What could go wrong with a government that wants the ability to track people with GPS devices without probable cause?


A bipartisan group of lawmakers has introduced a new bill, known as the Geolocation Privacy and Surveillance Act, to force law enforcement to obtain a warrant to track suspects with GPS devices.

The bill, which was introduced to Congress yesterday, is sponsored by Reps. Jason Chaffetz (R-Utah) and Jim Sensenbrenner (R-Wis.), as well as Sen. Ron Wyden (D-Ore.) and House judiciary committee ranking member Rep. John Conyers (D-Mich.). If passed, it would provide a “legal framework” that provides clear guidelines on when and how GPS devices can be accessed and used.

“New technologies are making it increasingly easy to track and log the location of individuals. We need to make sure laws are keeping up with technology to protect our privacy,” Chaffetz said. “Put simply, the government and law enforcement should not be able to track somebody indefinitely without their knowledge or consent or without obtaining a warrant from a judge.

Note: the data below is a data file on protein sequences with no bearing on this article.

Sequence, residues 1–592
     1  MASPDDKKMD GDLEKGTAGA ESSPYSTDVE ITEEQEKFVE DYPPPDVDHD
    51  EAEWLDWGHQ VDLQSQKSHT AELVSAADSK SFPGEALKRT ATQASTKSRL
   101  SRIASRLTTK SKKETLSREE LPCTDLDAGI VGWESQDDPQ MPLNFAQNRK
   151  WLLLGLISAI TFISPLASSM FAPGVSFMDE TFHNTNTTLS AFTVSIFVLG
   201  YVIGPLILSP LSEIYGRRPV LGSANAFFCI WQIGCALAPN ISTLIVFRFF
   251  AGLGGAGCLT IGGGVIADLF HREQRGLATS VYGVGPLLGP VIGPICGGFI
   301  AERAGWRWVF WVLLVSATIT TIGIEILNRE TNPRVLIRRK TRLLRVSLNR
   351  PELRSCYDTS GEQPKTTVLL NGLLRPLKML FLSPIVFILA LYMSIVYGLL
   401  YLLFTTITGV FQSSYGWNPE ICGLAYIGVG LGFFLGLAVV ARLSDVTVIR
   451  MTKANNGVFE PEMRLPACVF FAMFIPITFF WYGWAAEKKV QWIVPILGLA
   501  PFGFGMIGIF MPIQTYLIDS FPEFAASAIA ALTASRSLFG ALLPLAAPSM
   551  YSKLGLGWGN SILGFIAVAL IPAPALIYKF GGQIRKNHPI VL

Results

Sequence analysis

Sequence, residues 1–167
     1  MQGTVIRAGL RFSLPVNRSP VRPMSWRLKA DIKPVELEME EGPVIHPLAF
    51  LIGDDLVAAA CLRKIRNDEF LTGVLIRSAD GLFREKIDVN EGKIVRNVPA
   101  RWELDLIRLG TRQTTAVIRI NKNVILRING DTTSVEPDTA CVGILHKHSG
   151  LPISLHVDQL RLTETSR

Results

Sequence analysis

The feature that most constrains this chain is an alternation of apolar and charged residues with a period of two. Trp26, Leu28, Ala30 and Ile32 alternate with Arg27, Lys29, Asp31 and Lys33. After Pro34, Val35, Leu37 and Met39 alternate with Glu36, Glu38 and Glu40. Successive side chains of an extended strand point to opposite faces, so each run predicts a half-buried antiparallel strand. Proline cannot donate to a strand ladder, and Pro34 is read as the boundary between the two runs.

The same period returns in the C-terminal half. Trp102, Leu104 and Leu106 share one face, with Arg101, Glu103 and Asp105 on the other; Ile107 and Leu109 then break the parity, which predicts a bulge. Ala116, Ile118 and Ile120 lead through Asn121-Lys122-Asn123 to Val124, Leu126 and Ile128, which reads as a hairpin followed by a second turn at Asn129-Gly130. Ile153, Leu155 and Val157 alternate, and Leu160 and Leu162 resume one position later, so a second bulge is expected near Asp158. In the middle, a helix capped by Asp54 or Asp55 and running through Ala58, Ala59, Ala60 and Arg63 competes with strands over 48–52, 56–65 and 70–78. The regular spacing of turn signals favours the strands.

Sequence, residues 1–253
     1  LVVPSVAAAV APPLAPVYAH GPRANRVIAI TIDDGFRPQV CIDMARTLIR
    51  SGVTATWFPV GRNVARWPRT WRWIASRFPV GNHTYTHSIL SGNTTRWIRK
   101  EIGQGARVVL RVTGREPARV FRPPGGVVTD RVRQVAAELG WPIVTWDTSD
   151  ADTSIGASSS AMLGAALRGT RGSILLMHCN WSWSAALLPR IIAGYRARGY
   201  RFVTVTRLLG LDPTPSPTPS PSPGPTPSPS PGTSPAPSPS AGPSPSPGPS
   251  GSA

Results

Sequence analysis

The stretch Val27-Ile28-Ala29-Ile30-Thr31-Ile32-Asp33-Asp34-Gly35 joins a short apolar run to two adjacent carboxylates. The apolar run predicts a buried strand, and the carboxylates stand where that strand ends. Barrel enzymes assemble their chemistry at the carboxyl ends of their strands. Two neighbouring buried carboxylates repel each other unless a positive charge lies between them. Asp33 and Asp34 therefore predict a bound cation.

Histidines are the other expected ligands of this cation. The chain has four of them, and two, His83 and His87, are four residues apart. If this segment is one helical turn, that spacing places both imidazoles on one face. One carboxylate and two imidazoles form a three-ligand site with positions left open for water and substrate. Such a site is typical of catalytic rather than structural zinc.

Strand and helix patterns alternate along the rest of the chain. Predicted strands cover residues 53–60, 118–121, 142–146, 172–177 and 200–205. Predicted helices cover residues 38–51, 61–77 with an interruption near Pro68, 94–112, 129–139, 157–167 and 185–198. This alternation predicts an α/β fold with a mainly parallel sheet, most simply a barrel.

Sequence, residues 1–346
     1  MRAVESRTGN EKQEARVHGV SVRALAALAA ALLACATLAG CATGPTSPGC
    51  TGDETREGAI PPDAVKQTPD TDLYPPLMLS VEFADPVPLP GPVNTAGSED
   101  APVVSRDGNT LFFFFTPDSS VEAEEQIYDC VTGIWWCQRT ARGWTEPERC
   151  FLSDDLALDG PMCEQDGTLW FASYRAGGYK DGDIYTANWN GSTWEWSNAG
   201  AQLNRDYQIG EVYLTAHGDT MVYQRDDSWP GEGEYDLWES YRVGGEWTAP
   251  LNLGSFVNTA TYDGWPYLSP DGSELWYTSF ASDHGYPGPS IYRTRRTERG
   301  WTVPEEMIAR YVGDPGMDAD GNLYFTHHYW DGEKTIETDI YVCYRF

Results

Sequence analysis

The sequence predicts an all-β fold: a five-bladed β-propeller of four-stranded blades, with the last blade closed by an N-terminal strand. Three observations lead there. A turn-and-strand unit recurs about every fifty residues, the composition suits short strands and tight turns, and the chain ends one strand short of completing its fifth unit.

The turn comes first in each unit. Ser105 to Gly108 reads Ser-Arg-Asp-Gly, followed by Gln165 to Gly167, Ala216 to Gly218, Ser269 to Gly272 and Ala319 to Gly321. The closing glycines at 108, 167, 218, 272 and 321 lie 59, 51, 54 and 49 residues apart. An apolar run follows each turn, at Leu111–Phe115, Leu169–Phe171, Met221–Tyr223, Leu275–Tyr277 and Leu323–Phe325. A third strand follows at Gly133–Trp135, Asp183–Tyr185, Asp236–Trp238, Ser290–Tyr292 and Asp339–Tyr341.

The legislation was introduced a day after¬†the government argued before a federal appeals court¬†that warrantless GPS tracking is an important part of the law enforcement process. The government’s attorneys have argued that GPS devices can be used to “gather information to establish probable cause, which is often the most productive use of such devices.” Requiring a warrant means being forced to establish probable cause before that and ultimately limit the value of GPS devices.

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